- Oral presentation
- Open Access
Imaging orofacial pain in mice
© Kim et al; licensee BioMed Central Ltd. 2014
- Published: 15 December 2014
- Dorsal Root Ganglion
- Trigeminal Ganglion
- Chronic Pain Condition
- Spinal Cord Neuron
- Trigeminal Ganglion Neuron
Nociceptors in the dorsal root ganglia (DRG) and trigeminal ganglion (TG) play an essential role in initiating pain by detecting painful stimuli through their peripheral axons and sending signals to the spinal cord via their central axons . Pathological conditions such as inflammation and nerve injury can sensitize nociceptors, causing heightened pain sensitivity and often leading to chronic pain conditions like TMJ disorders. Despite its importance in understanding the mechanism of nociceptor sensitization, monitoring neuronal activity of nociceptors in tissue explants or in live animals is still technically challenging due to the interference of the surrounding tissues. Recently, we have developed a novel approach to directly monitor neuronal activity and hyperactivity after injury and revealed the contribution of central terminal sensitization of primary nociceptive neurons to molecular mechanisms underlying the maintenance of trigeminal neuropathic pain. We generated Pirt-GCaMP3 mice in which GCaMP3, a genetic-encoded Ca2+-sensitive indicator , is specifically expressed in >95% of all DRG and TG neurons under the Pirt promoter. Because of the specific expression of the Ca2+ sensor (i.e., only in DRG and TG and not in skin cells or spinal cord neurons), we detected robust neuronal hyperexcitability in TG explants and TG’s axons in the skin explants and trigeminal brain-stem slices of animals with nerve injury compared with naïve or sham-treated mice. In addition, we are developing techniques to image DRG neuronal activity in live mice in response to various sensory stimuli applied to sensory peripheral receptive fields. The advantages of the functional imaging using Pirt-GCaMP3 mice include simple tissue preparation and imaging procedures, intact sensory somatotopic organization, and simultaneously monitoring a large population of neurons and nerves. Previous and ongoing studies using this technique have revealed new mechanisms underlying chronic pain conditions including orofacial pain.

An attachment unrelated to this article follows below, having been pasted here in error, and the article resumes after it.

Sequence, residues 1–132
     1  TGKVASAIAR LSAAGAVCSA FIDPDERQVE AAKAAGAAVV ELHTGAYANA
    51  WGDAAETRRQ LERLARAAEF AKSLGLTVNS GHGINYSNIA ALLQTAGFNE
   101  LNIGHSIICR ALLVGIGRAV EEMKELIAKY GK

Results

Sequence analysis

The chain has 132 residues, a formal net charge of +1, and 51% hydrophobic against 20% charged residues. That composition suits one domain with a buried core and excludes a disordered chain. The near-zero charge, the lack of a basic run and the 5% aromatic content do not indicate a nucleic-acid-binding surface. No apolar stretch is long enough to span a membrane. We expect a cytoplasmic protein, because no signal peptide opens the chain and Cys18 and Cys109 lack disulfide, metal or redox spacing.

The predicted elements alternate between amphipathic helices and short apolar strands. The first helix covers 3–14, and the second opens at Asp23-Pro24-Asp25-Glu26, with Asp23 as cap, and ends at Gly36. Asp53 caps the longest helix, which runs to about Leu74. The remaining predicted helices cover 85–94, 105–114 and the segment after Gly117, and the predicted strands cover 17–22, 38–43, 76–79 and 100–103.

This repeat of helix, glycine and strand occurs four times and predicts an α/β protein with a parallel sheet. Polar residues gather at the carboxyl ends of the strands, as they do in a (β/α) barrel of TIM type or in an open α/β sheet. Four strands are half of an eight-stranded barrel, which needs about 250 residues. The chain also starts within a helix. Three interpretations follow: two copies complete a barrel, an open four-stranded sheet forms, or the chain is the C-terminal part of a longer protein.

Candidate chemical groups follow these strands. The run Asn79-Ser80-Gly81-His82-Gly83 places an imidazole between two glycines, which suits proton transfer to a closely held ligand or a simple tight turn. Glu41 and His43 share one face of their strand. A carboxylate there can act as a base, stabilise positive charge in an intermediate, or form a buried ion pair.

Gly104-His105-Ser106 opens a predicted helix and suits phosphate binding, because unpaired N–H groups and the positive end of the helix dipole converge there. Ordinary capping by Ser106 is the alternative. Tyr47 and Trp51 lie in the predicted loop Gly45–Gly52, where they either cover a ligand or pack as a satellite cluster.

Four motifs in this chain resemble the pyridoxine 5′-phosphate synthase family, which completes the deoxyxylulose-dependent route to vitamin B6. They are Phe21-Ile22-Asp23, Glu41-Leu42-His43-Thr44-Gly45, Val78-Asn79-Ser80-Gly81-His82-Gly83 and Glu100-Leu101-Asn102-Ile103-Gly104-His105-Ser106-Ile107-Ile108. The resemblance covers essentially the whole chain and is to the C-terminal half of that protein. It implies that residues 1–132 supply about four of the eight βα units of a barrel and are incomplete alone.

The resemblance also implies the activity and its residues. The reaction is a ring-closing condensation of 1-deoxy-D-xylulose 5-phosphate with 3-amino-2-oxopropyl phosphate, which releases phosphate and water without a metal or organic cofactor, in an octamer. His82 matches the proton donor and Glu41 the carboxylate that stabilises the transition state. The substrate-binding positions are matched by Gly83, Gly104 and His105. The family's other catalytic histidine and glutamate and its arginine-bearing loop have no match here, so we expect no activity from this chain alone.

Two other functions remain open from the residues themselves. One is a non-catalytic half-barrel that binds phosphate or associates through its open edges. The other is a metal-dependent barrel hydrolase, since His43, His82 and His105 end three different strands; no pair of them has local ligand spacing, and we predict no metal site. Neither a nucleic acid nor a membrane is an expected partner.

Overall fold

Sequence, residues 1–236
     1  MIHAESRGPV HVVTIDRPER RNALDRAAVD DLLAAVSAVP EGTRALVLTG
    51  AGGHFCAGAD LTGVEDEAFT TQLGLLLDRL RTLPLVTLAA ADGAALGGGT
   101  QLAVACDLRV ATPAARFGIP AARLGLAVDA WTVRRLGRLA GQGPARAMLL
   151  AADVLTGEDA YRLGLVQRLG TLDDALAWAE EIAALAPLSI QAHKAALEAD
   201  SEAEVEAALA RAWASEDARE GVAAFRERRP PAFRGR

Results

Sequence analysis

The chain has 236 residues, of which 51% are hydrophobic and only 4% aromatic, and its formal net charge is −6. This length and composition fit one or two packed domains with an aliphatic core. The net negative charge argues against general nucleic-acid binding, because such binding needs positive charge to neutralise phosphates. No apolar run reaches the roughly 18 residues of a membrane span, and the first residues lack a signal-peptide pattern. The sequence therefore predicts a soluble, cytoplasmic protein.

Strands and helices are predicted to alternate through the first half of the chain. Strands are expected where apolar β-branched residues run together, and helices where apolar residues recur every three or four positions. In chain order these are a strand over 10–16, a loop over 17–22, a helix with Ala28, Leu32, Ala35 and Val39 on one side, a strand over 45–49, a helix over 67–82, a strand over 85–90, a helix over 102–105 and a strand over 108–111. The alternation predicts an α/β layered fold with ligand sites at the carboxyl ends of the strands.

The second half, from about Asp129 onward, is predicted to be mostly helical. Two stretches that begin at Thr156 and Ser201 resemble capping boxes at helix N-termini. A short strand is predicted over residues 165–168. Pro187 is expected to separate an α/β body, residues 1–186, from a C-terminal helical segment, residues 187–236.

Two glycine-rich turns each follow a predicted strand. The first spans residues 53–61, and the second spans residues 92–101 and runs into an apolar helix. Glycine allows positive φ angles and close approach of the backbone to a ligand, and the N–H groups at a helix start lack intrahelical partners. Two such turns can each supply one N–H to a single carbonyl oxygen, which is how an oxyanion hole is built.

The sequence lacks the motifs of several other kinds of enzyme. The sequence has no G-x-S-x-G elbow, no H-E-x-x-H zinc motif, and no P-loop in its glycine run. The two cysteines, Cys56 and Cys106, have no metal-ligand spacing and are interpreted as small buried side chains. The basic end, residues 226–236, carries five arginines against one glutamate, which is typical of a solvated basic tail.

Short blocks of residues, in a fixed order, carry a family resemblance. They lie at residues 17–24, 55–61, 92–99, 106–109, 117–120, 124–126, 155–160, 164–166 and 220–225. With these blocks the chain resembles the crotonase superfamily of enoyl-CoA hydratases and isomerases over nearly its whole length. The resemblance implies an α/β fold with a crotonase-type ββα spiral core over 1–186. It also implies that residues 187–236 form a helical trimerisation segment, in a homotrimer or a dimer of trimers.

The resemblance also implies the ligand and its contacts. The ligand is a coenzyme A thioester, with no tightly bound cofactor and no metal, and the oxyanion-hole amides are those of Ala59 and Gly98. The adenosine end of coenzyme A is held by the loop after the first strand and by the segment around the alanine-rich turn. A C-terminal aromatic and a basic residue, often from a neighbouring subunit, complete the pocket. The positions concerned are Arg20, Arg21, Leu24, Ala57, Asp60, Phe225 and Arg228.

Dr. Caterina is an inventor on a patent on the use of products related to TRPV1, which is licensed through UCSF and Merck, and may be entitled to royalties related to these products. He is on the Scientific Advisory Board for Hydra Biosciences, which develops products related to TRP channels. These conflicts are being managed by the Johns Hopkins Office on Policy Coordination.
We thank Dr. Loren Looger at Howard Hughes Medical Institute, Janelia Farm for providing us GCaMP3 cDNA and Yixun Geng for technical assistance. We thank Chip Hawkins and Holly Wellington of Transgenic Mouse Core at Johns Hopkins University School of Medicine for assistance with Pirt-GCaMP3 mouse generation. This work was supported by National Institutes of Health Grants (R01DE022750 and R01GM087369 to X.D.; R01DE018573 to F.W.), Johns Hopkins University Brain Science Institute grant, and T32 (T32NS070201 to Y.S.K.) Johns Hopkins University Pain Fellowship.
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